Things Fall Apart and the Case Against Imperialism

1433 WordsJan 22, 20136 Pages
12 AP English Burnett Things Fall Apart Socratic Seminar Points of Discussion 1. Achebe begins the novel with an elaborate description of the central character Okonkwo. What do we learn about the values of Umuofians through this characterization? 2. Discuss Okonkwo as an Igbo heroic character: how does he work to achieve greatness as defined by his culture? How does he differ from Western heroes? What are Okonkwo’s strengths and weaknesses? 3. Describe Unoka, Okonkwo’s father. What are Okonkwo’s feelings toward Unoka, and why? How does the example of his father shape Okonkwo’s character and actions? Would Unoka be viewed differently in a different culture? 4. What do the early…show more content…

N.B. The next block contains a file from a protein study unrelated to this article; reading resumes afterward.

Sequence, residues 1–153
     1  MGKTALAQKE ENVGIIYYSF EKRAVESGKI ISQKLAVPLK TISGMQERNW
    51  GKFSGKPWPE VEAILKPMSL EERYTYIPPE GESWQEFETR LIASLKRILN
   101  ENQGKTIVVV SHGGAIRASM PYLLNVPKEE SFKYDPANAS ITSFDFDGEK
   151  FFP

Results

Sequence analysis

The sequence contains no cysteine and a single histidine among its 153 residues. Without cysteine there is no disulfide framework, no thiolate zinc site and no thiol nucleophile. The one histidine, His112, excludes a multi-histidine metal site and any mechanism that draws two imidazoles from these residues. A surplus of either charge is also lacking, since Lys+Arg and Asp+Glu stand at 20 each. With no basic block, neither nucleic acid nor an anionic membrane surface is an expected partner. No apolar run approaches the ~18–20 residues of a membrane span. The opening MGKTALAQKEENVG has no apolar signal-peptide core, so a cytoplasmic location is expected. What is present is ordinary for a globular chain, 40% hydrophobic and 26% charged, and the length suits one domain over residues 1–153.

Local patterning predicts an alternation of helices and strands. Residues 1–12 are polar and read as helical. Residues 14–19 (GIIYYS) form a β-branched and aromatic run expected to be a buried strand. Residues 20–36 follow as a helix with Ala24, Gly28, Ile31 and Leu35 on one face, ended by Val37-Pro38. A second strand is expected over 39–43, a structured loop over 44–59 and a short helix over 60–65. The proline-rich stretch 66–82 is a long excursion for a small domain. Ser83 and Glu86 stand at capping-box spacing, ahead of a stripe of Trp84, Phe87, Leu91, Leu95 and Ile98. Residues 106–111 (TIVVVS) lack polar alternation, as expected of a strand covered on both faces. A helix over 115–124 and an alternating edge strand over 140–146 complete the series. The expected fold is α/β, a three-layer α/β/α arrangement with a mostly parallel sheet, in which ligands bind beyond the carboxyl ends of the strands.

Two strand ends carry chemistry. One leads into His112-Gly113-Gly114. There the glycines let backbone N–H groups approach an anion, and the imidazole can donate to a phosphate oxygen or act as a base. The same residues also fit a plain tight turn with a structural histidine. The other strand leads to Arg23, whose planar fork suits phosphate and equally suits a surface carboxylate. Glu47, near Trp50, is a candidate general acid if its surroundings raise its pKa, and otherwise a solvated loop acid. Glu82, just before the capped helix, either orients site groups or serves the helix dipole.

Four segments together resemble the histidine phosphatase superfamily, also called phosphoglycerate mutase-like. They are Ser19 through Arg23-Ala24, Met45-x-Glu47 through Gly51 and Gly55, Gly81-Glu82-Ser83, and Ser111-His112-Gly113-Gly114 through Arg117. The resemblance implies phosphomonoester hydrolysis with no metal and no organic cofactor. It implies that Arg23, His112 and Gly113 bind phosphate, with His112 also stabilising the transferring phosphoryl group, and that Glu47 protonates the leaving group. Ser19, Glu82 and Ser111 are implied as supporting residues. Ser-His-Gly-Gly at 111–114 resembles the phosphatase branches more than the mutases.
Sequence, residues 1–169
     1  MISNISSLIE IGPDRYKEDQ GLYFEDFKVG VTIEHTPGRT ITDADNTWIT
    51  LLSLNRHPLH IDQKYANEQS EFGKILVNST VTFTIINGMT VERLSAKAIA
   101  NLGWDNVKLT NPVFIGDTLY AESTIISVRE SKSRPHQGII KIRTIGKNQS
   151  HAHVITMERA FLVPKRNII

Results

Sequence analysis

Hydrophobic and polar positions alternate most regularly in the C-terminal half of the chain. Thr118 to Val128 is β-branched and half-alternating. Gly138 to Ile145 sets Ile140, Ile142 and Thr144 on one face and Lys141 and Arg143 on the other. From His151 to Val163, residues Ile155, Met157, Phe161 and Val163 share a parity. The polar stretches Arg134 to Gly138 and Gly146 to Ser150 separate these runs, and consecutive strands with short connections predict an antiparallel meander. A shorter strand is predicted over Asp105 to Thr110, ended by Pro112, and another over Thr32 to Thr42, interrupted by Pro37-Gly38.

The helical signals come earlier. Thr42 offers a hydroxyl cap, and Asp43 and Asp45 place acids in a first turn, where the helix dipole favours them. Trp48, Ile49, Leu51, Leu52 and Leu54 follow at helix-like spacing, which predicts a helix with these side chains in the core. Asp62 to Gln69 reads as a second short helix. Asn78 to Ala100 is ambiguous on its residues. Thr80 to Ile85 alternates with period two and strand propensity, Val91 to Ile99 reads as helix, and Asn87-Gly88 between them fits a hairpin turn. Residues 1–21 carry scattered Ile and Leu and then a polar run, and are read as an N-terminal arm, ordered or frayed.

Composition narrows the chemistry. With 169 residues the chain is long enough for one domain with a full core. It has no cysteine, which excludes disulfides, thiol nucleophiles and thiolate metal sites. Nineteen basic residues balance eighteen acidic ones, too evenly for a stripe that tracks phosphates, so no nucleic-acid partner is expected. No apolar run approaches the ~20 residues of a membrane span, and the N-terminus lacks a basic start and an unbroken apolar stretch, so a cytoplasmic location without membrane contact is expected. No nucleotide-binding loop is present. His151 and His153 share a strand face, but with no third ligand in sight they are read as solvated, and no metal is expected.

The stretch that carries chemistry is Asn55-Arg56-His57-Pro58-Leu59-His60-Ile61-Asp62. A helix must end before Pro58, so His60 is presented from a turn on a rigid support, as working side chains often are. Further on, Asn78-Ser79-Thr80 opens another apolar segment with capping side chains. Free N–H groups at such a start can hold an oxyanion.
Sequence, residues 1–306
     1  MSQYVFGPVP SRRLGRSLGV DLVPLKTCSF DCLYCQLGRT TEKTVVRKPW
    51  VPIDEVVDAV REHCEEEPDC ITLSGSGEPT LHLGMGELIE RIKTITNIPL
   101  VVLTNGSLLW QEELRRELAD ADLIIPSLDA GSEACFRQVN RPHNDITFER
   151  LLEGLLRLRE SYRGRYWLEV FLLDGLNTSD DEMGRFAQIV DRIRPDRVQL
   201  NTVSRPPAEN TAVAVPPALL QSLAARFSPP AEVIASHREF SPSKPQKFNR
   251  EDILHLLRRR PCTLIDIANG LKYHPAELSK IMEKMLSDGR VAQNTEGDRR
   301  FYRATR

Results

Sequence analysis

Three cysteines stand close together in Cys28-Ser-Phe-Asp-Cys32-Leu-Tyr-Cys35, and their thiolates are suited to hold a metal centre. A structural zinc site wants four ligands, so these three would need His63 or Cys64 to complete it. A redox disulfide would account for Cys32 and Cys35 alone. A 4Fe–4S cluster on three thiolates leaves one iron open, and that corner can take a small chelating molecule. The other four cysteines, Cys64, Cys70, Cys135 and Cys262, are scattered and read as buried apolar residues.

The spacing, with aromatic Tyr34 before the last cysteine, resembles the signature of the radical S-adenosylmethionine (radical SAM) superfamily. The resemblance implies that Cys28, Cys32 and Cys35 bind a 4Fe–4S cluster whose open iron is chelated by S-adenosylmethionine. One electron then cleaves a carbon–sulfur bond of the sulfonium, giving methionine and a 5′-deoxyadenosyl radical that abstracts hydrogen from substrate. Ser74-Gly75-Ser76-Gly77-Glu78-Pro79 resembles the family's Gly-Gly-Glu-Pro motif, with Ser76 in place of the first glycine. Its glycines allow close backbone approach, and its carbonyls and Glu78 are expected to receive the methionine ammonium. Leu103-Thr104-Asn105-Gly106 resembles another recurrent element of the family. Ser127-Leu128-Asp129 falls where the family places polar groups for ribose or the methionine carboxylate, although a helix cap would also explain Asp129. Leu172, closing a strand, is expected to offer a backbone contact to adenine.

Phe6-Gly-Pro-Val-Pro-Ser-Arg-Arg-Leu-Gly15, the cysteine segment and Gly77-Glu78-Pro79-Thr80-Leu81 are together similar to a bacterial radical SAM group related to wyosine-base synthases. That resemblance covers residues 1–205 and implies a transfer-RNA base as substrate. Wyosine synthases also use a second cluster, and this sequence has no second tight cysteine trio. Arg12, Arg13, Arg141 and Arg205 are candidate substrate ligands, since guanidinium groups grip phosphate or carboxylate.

18. Why is Okonkwo disappointed with his son Nwoye? What values does Okonkwo associate with manliness? How does Nwoye relate to these values? Compare Okonkwo’s attitude toward Nwoye to Okonkwo’s attitude toward his daughter Ezinma (presented in Ch. 8). 19. How are white men first introduced into the story? Why might Africans suppose that they have no toes? What sorts of attitudes do the Africans express about white men? 20. The egwugwu ceremony of the Igbo is dramatized in Ch. 10. Who are the egwugwu and what are the functions of the ceremony? Compare the Igbo system of judgment in domestic affairs with that of the U.S. 21. What are these internal conflicts that erode the unity and integrity of the village? What part does Okonkwo play in the dissension? How does Okonkwo jeopardize his own authority within his community? 22. Part I presents Igbo life and culture before the coming of the white man and colonialism. In what way(s) can Things Fall Apart be considered a "response" to depictions of Africans in Western literature--or other images of Africa as portrayed in the Western media, film, books, etc., that you are familiar with? How does Achebe’s novel "correct" such European depictions of Africa and Africans, and offer you an Afrocentric (Africa-centered), rather than a Eurocentric (or Western-centered), perspective? 23. Even as Achebe works to educate his readers about African culture and to combat

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